I can be loving and generous and all heart toward people who embrace me for who I am; but when threatened and made to fit into someone else’s vision of reality, I become defensive and lash out in a desperate attempt to preserve my sense of self.

This is exactly what transpired at my job and with several members of the Gustavus community in Alaska. I have written about it a lot in an attempt to understand my own behaviors and those of others. I do not hold ill will toward anyone because I think we all did our best in difficult times with ways of being and perceiving the world that were at wildly different ends of the spectrum.

I am not a traditional kind of person. I am impulsive and emotional. And my practice, particularly since moving to Alaska and going through a divorce and a doctoral program in sustainability, has been to be as honest about who I am as possible while respecting and honoring other perspectives and ways of being. I do not always succeed in this endeavor, though I would like to think that each situation I move through I learn something and improve.

I was so desperate to maintain a tenuous grasp on what felt like the beginnings of discovering my own self, I cannot claim to have done well with managers at my job who seemed themselves to feel threatened by my journey to sustainability. They did their best to contain my independence and re-assimilate me into the fabric of tradition in small town Alaska where there are many big fishes in little ponds.

I played their game while biding my time and planning my escape.

Suffice it to say that my escape came at a time that has since become dark and painful when it resurfaces from the depths of my memory.

There were beautiful moments and connections with people and place in Alaska, but my leaving was not one of them.

Since leaving my connections with members of the community dwindled to a handful and then fewer people still with the passage of time. It didn’t help that I had two friends vying for the opportunity to rent my home and my choice please some and angered others so much so that my name was slandered around town.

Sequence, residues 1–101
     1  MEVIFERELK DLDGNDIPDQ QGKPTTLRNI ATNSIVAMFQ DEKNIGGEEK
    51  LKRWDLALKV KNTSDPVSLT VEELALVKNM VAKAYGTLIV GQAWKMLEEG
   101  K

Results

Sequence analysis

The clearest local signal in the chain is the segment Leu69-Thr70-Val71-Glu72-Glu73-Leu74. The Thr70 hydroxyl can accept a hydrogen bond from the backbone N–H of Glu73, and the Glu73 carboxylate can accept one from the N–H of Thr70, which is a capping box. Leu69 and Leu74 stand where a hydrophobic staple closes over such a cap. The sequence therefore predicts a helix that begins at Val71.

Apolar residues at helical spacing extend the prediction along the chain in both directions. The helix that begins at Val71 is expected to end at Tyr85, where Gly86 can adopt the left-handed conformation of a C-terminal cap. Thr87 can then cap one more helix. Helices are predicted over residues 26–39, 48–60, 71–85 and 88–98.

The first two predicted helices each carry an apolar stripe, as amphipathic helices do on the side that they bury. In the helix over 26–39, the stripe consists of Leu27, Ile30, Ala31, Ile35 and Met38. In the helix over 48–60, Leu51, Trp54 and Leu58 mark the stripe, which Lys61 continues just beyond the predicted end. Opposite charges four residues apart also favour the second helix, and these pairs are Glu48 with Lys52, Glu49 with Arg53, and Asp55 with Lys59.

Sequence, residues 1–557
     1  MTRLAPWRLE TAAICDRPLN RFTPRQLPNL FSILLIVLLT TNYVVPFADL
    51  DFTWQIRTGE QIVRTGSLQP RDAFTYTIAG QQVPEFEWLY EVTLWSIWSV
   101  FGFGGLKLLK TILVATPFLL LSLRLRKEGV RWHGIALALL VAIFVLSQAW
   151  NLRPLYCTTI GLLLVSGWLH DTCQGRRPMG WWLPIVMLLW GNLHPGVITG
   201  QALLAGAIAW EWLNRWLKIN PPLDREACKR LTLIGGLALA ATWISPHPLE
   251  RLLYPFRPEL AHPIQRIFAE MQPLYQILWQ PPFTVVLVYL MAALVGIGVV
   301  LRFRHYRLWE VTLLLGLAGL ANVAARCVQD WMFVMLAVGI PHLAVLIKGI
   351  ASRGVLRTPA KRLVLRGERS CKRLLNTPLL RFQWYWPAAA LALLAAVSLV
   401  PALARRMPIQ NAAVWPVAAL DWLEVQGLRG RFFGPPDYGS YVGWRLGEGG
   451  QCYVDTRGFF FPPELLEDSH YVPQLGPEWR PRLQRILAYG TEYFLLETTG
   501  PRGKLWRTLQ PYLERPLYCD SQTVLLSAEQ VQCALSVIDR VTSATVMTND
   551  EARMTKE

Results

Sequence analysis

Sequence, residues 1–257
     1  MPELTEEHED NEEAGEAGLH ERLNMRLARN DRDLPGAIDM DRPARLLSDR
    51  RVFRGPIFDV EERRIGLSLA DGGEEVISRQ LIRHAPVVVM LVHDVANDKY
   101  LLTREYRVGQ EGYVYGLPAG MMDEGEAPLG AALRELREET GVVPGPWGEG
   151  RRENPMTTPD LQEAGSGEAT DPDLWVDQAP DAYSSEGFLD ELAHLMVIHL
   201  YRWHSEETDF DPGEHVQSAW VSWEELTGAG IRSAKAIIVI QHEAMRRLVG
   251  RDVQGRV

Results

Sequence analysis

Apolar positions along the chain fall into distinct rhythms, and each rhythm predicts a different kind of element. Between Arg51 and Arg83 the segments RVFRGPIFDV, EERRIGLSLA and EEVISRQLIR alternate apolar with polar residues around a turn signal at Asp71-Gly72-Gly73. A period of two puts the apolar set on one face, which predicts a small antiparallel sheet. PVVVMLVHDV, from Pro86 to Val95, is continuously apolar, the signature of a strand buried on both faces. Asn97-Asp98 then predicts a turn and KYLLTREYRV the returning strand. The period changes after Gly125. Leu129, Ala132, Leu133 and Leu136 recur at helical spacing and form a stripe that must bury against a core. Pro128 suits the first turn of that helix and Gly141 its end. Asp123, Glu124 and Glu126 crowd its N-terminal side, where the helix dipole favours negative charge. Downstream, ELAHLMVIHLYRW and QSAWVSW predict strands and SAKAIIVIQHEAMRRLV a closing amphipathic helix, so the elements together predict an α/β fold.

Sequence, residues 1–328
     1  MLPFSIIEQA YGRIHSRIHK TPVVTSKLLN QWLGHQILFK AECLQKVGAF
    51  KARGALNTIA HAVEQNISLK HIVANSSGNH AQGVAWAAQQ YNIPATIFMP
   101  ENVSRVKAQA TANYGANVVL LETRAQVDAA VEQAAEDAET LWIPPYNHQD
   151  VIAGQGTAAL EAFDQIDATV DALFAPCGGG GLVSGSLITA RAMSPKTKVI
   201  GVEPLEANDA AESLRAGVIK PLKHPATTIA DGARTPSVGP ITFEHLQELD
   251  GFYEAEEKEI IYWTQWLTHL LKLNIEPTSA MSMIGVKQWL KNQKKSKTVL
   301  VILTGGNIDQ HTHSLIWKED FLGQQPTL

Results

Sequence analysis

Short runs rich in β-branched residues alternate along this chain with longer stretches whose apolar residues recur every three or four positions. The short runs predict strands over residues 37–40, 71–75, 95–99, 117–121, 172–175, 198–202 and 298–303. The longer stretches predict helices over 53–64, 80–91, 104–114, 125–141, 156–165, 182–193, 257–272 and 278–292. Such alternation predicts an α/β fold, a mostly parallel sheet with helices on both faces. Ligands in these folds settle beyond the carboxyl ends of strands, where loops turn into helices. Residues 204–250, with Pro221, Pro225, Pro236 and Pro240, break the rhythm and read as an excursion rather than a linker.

You know that “sticks and stones” phrase they teach children? Well, names do hurt, especially when you are not there to even defend yourself.

Periodically, thoughts of the darker memories from Alaska resurface. They tend to return with the sting of a more recent happening.

This most recent happening has been building for a long time. It came with a simple attempt to “tag” an Alaska friend on a facebook post. Her name did not come up.

“Huh,” I thought. “Must be something weird with my internet connection.”

I went to her profile and saw the option to send her a friend request.

“That’s odd,” I thought again, the stirrings of something deep down beginning to rumble.

I sent her a friend request and sent a short, friendly message inquiring after what could only be a misunderstanding.

I waited.

Several hours (was it a full day?) later, I received a response, stating without any kind of sugar coating that it did not seem to be worth keeping touch as they had come to realize that our ways of perceiving the world for so very different.

I read the words once, twice, and a third time. Though I was not completely surprised by the response (her previous responses to my emails had become shorter and less personal, until all I received was one-liners), I still felt an emotional punch to the gut.

This person had been like family when I lived in Gustavus, and I had spent many hours with them and their children, in their home, hiking trails, and drinking tea.

In my mind and heart, the message read, “your perspective is one that I disagree with and am disappointed by; thus, you no longer exist to me.”

I had known this would be coming. Gustavus is small community. If you root yourself there and make attempts to belong, people embrace you. If you walk a different path, people shut you out. I had already been shut out at my work and in the music community, where I had long since stopped receiving invitations to play at music nights in people’s homes (yes, that one really hurt and is a story for another time, if at all).

When behaviors run counter, a cognitive dissonance occurs, and one must make a choice. Ignore the new information, find out more and make an informed decision, or find a comfortable way to incorporate it into your worldview.

My friend had made her choice. I had uprooted myself and others had spread word of my deplorable behavior as a landlord. We were different or at least my perceived behaviors were counter to her way of being.